Brief notes on Timber Extraction


Forests are valuable resources. They provide raw materials for industries, timber for buildings, furniture’s and many other uses. The forest ecosystem is dominated by various species of trees.

The chief product that forests supply is wood like timbers. Major forest products consist of timber small wood and fuel wood. Indian forests produce about 5,000 species of wood, of which about 450 are commercially valuable. Hard woods include important species such as teak, ironwood, mahogany etc.

These woods are used for constructional purposes. Population explosion had its tremendous pressure on demand for timber and other wood. Consumption of wood for industrial uses is more in developed countries than the developing countries. India has abundant timber. It accounts half of the total biomass produced by a forest. But demands may become still higher in future.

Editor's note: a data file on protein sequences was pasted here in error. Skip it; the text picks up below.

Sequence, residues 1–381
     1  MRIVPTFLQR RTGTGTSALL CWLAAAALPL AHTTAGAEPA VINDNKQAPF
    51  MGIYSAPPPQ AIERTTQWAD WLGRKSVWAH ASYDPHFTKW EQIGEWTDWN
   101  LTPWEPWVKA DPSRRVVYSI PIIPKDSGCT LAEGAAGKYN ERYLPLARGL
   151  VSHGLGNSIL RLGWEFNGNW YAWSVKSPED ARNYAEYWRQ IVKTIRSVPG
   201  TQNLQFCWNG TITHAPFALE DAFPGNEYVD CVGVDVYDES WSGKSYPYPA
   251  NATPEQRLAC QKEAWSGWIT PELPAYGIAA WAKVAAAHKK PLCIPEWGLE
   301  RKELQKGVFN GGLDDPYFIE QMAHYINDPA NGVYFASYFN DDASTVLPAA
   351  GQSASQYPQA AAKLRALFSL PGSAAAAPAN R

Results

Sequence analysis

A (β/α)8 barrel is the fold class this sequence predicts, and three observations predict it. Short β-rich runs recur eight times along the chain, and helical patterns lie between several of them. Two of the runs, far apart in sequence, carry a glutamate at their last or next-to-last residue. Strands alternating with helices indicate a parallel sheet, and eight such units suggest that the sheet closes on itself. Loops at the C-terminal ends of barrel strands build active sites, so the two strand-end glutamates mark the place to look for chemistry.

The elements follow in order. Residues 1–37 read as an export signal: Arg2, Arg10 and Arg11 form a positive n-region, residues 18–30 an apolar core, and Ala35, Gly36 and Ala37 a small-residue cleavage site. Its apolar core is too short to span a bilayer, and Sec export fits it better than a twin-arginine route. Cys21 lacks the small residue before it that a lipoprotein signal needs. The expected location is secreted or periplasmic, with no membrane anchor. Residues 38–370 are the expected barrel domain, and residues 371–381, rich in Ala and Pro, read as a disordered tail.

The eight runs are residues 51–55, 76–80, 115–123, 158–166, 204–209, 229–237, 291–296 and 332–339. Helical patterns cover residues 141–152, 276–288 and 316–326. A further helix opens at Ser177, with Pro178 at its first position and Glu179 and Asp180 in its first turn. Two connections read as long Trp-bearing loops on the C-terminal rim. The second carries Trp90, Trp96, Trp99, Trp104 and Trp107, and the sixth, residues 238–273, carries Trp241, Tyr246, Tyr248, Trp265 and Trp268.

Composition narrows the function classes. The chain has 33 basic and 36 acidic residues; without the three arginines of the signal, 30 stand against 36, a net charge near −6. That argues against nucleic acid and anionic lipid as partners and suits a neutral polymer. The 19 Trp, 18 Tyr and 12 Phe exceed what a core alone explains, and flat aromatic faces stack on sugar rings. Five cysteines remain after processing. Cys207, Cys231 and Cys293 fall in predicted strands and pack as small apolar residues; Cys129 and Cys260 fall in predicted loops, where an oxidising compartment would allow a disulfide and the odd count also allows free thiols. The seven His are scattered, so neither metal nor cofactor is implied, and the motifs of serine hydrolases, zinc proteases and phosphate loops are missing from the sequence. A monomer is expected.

That increase in demand cannot be met from what we produce at present. Total requirement of timber in the year 2000 was 46.755 m3 (based on DCPPT, 1983). It is a matter of serious concern that the present generation man has forgotten the value of forests. The reckless felling of trees from the very beginning of the present century without caring for environment

Timber extraction is a significant cause of deforestation in Central Africa and South-eastern Asia. The biggest problem of the Indian forests is the inadequate forest cover. Forests cover only 23.13 per cent of the area against the required coverage of 33 per cent.

Major causes responsible for timber famine in Europe in 16th and 17th centuries prevail in these forests too. It will be worthwhile to consider the possibility of converting a large portion of the crippled worthless forested area to agricultural land for production of grasses or other fodder crops suitable for existing soils.

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